“Should I move to Colorado and start a new job?”

“What are you hoping that I’m going to say?”

“I’m hoping you’re going to tell me that I should stay.”

“Sounds like you have a good reason to stay.”

Have you been in that place where you need to make a decision and you'd just assume flip a coin? “If it’s heads I’ll order surf and if it’s tails I’ll order turf, and I hope it comes up heads.” Just order the fish.

The second thing I ask is, “In saying yes, to what are you saying no?” Every “yes” to something is a “no” to something else. Saying yes to answering emails means I’m saying no to my daughter who wants to play. Saying yes to sobriety means saying no to alcohol being in charge of my life. Every yes is also no and every no is also a yes. Every revolution begins with saying yes to an idea, and in this case the idea is love.

The second thing every revolution needs is a clear mission. Jesus comes up from the water, spends 40 days in the desert and returns preaching a single message. Jesus says yes to God, goes into the wilderness to learn how to say no to temptation and returns preaching, “Repent, the kingdom of heaven has come near.” The mission was clear — turn around, God’s kingdom is here. Over time the message became more detailed and nuanced, full of parables and miracles and healing, but the mission was clear — turn around and know that God is here.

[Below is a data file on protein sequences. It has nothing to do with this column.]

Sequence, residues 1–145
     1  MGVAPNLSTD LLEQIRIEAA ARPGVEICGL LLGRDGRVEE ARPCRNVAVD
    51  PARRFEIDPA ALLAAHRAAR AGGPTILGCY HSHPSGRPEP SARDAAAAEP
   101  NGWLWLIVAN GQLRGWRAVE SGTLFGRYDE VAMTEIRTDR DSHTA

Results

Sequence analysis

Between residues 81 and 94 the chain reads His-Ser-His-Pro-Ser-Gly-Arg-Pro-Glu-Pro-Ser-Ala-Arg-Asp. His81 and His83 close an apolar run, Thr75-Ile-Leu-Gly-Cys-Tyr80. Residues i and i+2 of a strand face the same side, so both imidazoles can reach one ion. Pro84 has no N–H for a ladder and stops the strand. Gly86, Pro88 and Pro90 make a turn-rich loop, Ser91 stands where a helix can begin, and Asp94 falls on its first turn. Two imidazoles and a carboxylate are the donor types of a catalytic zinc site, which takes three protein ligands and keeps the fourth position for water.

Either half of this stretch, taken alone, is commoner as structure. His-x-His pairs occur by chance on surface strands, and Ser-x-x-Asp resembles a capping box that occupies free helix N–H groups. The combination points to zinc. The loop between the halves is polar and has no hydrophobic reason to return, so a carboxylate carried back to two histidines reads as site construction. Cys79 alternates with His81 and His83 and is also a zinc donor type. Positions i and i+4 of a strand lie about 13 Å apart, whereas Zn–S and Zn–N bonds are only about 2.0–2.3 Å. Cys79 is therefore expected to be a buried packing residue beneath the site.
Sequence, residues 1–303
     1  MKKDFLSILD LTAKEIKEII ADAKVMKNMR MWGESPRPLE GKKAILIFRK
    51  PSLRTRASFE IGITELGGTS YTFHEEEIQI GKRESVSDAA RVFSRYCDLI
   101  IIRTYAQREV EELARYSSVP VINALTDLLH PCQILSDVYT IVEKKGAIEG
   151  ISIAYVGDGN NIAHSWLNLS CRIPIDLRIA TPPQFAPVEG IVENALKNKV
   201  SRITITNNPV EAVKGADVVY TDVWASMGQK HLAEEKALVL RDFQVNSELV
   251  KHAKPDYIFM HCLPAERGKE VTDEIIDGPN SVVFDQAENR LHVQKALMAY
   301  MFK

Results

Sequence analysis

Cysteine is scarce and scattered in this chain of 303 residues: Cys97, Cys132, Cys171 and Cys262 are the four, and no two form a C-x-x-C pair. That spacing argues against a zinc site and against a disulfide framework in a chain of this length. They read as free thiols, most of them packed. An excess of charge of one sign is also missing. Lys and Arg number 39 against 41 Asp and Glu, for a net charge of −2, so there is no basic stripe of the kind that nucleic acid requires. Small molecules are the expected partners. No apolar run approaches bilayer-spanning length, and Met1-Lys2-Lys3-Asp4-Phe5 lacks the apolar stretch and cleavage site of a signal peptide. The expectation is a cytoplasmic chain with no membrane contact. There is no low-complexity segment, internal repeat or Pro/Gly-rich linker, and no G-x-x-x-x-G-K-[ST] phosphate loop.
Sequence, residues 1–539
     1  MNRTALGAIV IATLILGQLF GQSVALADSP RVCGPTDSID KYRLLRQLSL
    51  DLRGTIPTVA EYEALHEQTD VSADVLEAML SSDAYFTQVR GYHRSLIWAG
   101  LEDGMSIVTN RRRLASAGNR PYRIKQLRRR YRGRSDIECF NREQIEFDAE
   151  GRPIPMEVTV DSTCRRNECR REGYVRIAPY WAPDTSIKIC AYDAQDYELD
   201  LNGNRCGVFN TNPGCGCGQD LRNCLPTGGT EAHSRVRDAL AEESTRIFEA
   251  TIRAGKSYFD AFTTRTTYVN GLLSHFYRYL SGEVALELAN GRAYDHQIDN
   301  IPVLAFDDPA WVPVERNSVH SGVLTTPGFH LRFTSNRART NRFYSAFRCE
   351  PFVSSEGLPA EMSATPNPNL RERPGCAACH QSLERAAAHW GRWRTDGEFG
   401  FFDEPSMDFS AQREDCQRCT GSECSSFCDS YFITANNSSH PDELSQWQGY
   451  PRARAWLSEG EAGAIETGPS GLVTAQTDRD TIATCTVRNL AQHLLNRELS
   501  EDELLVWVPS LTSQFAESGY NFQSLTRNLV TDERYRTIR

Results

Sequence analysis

That mission didn’t change until the end of Jesus’ earthly life when he looked at the disciples and said, “I give you a new commandment — love others as I have loved you.” Then he gathered with them and said, “Do this in remembrance of me.” Finally Jesus said as he was ascending into heaven, “Go and baptized the world.” Go and change the world. At the end of it all the mission was, “Turn around, learn to love God and your neighbor, do it in remembrance of me and change the world.”

Or if you only have a bumper sticker — “Turn, Learn, Do and Go.” Early in Wesley’s life the mission was pretty simple — stay in love with God. He prayed that everything he did was done to glorify God. It wasn’t that he went to church more or prayed more or read more, but he saw each and every day as way to worship God.